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Publication numberUS7040850 B2
Publication typeGrant
Application numberUS 10/632,790
Publication dateMay 9, 2006
Filing dateAug 4, 2003
Priority dateAug 4, 2003
Fee statusPaid
Also published asCN1304767C, CN1580588A, DE60312845D1, DE60312845T2, EP1505304A1, EP1505304B1, US20050031434
Publication number10632790, 632790, US 7040850 B2, US 7040850B2, US-B2-7040850, US7040850 B2, US7040850B2
InventorsPaul Gaudron
Original AssigneePower Products Iii, L.L.C.
Export CitationBiBTeX, EndNote, RefMan
External Links: USPTO, USPTO Assignment, Espacenet
Fastener for use with frangible material
US 7040850 B2
Abstract
A metal fastener for frangible material has a threaded shank, a head proximate one end of the shank and a tip at the opposite end. The fastener has a coarse pitch and relatively large ratio of major to minor diameters suited for securing the fastener into frangible material such as drywall or masonry.
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Claims(9)
1. A fastener, comprising:
a metal shank having a tip and an approximately constant diameter except at its tip;
a first helical thread formed on the shank and having a first diameter, wherein the ratio of the first diameter to the shank diameter is at least 1.5:1;
a second helical thread formed on the shank and having a second diameter that is substantially less than the first diameter; and
a helical, roughened surface formed on the entire shank.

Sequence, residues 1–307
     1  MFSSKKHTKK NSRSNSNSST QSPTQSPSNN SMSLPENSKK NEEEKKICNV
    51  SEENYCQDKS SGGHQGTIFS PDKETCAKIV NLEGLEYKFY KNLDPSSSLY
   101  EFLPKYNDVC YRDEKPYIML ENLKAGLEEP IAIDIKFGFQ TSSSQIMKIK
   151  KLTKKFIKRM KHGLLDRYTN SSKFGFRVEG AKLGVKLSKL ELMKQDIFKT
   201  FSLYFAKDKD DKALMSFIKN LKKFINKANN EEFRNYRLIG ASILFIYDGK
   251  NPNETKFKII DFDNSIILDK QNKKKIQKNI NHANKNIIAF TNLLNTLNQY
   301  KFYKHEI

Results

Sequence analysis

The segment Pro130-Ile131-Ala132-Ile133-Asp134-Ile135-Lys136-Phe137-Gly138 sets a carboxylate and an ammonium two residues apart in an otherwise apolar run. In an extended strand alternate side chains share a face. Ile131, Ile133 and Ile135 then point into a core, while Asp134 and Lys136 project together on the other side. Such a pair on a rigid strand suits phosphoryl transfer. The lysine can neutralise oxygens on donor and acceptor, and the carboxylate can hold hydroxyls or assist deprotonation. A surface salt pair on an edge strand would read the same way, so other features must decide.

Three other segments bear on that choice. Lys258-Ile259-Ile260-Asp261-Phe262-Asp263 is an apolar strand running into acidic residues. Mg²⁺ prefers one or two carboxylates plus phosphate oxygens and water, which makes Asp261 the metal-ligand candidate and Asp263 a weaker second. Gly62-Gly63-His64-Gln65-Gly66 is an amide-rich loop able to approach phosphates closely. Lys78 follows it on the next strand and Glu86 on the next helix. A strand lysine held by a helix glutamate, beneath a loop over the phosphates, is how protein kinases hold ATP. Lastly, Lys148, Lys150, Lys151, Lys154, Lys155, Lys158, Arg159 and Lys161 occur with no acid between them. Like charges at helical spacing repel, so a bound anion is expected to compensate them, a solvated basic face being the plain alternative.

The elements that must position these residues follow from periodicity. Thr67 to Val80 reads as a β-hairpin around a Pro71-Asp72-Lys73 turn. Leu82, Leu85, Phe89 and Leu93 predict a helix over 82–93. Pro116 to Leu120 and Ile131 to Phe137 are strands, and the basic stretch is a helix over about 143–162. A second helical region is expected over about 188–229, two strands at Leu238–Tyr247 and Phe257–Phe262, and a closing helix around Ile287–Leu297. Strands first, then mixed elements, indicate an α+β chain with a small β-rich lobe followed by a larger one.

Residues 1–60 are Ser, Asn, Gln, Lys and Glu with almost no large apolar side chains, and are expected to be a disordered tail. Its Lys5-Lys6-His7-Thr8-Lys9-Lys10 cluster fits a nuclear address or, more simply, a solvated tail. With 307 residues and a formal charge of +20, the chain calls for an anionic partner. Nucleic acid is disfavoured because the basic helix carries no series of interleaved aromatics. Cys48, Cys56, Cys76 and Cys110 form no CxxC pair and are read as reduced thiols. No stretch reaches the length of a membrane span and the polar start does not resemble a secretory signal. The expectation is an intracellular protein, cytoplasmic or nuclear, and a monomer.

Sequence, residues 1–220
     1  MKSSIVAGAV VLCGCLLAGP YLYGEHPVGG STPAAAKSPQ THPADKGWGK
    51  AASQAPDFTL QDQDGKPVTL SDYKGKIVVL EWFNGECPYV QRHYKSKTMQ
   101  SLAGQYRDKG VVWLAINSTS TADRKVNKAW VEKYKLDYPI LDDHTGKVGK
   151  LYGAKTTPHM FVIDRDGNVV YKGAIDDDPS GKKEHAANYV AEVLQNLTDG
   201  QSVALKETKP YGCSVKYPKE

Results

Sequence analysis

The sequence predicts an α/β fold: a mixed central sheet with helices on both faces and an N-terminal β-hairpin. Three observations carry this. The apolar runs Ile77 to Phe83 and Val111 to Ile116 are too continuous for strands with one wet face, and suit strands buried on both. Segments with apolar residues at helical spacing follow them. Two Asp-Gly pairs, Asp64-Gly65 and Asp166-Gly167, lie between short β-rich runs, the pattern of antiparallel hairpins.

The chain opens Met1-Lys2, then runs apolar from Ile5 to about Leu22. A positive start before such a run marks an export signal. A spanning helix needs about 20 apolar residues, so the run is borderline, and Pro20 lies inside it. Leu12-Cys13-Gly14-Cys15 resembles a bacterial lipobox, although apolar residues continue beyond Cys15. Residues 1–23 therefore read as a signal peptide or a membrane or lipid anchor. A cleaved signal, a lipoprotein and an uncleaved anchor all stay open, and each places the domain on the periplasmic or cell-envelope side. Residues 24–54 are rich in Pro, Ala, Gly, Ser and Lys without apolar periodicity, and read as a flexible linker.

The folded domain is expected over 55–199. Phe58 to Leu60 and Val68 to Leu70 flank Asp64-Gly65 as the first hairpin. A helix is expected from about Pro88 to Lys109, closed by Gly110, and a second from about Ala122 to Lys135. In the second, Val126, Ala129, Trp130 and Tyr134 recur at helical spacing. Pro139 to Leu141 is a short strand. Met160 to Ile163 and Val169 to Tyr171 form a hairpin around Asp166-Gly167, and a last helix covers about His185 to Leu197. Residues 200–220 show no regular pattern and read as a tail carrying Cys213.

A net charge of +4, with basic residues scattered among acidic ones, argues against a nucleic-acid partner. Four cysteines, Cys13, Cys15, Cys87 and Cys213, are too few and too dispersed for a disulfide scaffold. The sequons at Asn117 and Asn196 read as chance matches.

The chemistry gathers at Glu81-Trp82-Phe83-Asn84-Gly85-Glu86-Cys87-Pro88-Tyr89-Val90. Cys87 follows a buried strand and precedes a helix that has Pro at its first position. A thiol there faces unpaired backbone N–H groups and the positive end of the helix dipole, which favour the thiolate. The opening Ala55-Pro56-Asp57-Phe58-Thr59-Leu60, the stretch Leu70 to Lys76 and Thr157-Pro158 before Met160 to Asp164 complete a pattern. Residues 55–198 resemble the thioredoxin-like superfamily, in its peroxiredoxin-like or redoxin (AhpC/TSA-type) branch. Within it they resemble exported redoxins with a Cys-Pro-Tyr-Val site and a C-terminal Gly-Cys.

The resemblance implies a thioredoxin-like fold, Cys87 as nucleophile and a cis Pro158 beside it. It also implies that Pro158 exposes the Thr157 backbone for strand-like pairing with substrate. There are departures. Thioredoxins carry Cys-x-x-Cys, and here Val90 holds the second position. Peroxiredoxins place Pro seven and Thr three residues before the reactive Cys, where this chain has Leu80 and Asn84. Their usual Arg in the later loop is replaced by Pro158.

2. The fastener of claim 1, wherein the first helical thread is spaced at intervals between 0.5–1.0 cm.
3. The fastener of claim 1, further comprising a head at one end of the shank and the tip being pointed at a second end of the shank distal the head.
4. The fastener of claim 3, wherein the head includes grooves adapted to engage a Phillips-head screwdriver.
5. The fastener of claim 3, further comprising the second helical thread formed on the shank proximal the head and distal the tip.
6. A fastener comprising
a head;
a shank having a minor diameter and a tip;
a first helical threading formed on the shank and having a first diameter, wherein the ratio of the first diameter to the minor diameter is at least 1.5:1 and the threads of the first threading are spaced at intervals between 0.5 to 1.0 cm;
a second helical threading formed on the shank proximal the head and distal the tip, the second threading having a second diameter that is substantially less than the first diameter; and a helical, roughened surface extending over the entire shank.
7. A fastener, comprising:
a head;
a shank having a minor diameter, a tip, and a length extending from the head to the tip;
a first helical threading formed on the shank and having a first diameter, the ratio of the first diameter to the minor diameter is at least 1.5:1;
a second helical threading formed on the shank proximal the head and distal the tip, the second threading having a second diameter that is substantially less than the first diameter; and
a helical, roughened surface formed on the entire shank,
wherein the second helical threading extends over less than half of the shank length.
8. A method for supporting a structure from frangible material using a fastener, comprising the steps of: